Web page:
'Complicated' best descriptor for red hair gene

July 1, 2006

National report - Findings from a decade's worth of research focusing on the melanocortin 1 receptor (MC1R) gene show that it is a complicated gene.

National report - Findings from a decade's worth of research focusing on the melanocortin 1 receptor (MC1R) gene show that it is a complicated gene.

MC1R comes complete with pleiotropic effects and is associated with multiple variations that underlie a complex range of phenotypic diversity, according to Jonathan Rees, F.R.C.P., F.Med.Sci., professor of dermatology, University of Edinburgh, Scotland.

In 1995, Dr. Rees and collaborators at the University of Newcastle, including Tony Thody, Ph.D., and Ian Jackson, Ph.D., first identified MC1R as a gene associated with red hair, fair skin and tanning response. Subsequent studies showed that MC1R is also a genetic risk factor for melanoma and non-melanoma skin cancer.

MC1R influences hair and skin color because it regulates melanocyte synthesis of red/yellow pheomelanin and black/brown eumelanin.

In their original research, Dr. Rees and colleagues showed that MC1R gene sequence variants were present in more than 80 percent of persons with red hair and/or fair skin that tanned poorly compared with fewer than 20 percent of persons with brown or black hair and in less than 4 percent of individuals who tanned readily.

"It seems that MC1R is still the only gene that could be physically identified at the scene of the crime and usefully predict a particular phenotype - in this case hair color," Dr. Rees tells Dermatology Times.

Studies using colorimetric determination of hair color and high performance liquid chromatography (HPLC) to measure hair content of eumelanin and pheomelanin showed there was a significant correlation between MC1R genotype and the ratio of those melanin types. Similarly, the number of body sites affected by freckling was found to be greatest in homozygotes and intermediate in heterozygotes.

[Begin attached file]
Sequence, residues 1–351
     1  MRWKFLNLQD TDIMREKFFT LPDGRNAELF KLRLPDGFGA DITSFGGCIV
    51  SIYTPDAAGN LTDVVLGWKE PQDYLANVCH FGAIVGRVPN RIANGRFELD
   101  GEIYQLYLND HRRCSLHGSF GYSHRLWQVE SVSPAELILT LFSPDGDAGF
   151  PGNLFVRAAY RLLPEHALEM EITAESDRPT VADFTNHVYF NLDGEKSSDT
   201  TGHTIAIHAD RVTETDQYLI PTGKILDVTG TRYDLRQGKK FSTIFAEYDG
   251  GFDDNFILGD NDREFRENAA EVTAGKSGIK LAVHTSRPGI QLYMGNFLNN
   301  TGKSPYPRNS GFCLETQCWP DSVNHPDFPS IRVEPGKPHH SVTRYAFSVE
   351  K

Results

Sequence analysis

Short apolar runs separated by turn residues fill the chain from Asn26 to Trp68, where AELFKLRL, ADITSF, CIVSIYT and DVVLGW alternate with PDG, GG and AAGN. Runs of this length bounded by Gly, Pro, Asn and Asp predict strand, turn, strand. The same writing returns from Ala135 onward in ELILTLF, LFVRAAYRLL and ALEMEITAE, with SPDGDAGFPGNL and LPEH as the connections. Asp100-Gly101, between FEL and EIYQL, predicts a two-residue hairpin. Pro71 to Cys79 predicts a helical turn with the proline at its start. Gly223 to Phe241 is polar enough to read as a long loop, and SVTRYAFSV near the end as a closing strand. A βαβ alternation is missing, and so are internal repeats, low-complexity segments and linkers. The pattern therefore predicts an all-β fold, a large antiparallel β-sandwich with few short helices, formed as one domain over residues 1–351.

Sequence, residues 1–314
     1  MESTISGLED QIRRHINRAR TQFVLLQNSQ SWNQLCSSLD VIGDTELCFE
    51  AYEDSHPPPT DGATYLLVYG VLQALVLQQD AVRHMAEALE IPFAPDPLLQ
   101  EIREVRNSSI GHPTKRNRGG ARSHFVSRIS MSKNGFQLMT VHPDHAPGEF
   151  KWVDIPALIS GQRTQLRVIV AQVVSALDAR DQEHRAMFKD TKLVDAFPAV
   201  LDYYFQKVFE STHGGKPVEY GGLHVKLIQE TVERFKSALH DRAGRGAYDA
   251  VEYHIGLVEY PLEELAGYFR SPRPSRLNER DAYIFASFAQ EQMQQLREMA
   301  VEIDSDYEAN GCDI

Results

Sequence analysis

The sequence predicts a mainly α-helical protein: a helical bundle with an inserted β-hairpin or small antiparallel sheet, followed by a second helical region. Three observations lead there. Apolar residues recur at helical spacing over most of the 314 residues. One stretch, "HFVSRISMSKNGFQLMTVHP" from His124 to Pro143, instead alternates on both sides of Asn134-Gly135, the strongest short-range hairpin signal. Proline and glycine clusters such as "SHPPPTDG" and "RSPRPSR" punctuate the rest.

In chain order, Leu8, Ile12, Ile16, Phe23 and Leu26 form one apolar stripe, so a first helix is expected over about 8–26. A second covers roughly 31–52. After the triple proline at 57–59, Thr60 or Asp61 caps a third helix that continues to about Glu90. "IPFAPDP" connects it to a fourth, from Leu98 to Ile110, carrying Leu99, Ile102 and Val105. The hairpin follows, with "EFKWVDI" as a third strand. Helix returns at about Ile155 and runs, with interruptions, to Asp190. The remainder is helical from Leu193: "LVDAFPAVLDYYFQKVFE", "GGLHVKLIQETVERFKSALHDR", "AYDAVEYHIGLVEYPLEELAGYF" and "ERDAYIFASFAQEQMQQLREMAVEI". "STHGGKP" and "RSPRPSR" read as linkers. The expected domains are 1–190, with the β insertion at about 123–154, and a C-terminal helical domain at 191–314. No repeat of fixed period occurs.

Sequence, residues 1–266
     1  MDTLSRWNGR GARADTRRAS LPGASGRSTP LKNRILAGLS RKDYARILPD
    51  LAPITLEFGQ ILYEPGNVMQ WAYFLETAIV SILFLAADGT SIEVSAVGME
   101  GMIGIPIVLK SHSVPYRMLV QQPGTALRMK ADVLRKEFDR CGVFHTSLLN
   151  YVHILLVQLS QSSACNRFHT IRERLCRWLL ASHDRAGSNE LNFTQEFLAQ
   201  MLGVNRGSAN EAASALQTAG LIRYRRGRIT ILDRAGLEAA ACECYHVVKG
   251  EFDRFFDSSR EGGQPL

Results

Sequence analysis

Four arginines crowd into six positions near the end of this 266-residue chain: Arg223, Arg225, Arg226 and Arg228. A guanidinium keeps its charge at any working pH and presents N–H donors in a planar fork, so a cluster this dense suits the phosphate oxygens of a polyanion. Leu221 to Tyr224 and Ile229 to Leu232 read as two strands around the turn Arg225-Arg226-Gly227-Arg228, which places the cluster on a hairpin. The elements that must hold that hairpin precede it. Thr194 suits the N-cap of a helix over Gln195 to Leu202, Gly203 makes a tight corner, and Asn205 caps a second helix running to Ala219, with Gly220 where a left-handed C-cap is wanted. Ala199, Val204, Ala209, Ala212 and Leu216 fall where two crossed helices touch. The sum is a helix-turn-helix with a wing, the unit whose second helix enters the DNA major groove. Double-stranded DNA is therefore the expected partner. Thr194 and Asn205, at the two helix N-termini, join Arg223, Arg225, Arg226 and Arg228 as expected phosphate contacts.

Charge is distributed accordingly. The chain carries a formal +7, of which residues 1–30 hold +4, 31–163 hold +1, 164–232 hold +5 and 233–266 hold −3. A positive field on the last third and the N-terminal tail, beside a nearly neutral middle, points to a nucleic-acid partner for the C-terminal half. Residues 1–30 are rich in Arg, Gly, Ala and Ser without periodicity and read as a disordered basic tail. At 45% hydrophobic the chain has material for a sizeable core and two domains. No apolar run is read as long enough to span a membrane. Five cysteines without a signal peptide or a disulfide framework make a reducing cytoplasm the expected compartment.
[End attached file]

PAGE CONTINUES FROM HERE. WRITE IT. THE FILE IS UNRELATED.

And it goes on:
Vagaries of gene variance

Over 70 different sequence variants of MC1R have been identified so far in humans, although a handful appear to account for a large proportion of the variations seen in the population.

Of particular interest, in vitro cell transfection studies and investigations in transgenic mice indicate that specific variants have different physiological consequences in terms of determining the amount and type of pigment produced.

"For this single gene there are many different sequence variants that have quantitatively different effects, and it is not a simple case where the presence or absence of a mutation has consequences that are black or white, pardon the pun. Depending on the combination of the two alleles, the physiological signal can either be 100 percent, very low or, more likely, somewhere in between, such that a whole range of skin color, hair color and susceptibility to UV radiation can be produced," Dr. Rees says.

Consideration of MC1R as a candidate gene for melanoma susceptibility was based on its association with other risk factors for that skin cancer, i.e., red hair, fair skin and sun sensitivity. Studies evaluating associations between MC1R mutations and melanoma show that the risk of that skin cancer is highest among homozygotes. However, even heterozygotes without red hair have a two-to four-fold increased risk for developing skin cancers relative to wild-type individuals.

Complex, cause and effect debatable

There is debate about whether association of MC1R with skin cancer can solely be explained by the effects of MC1R on pigmentation, or, by contrast, is related to the effects of MC1R on DNA repair.

"There is a controversy in the literature about whether the elevated risk of cancer seen in those people with MC1R variants is due to MC1R influence on skin color alone or whether an effect of MC1R on UVR-induced DNA repair may also be relevant," Dr. Rees says.

Whether the development of variation in MC1R is purely due to chance or reflects natural selection favoring those with pale skin in geographic areas where there is little ultraviolet radiation available to synthesize vitamin D is also still unclear.

"A range of other genes have recently been identified that are also important in the pigmentary phenotype, and studies of these should resolve this issue in the near future," Dr. Rees says.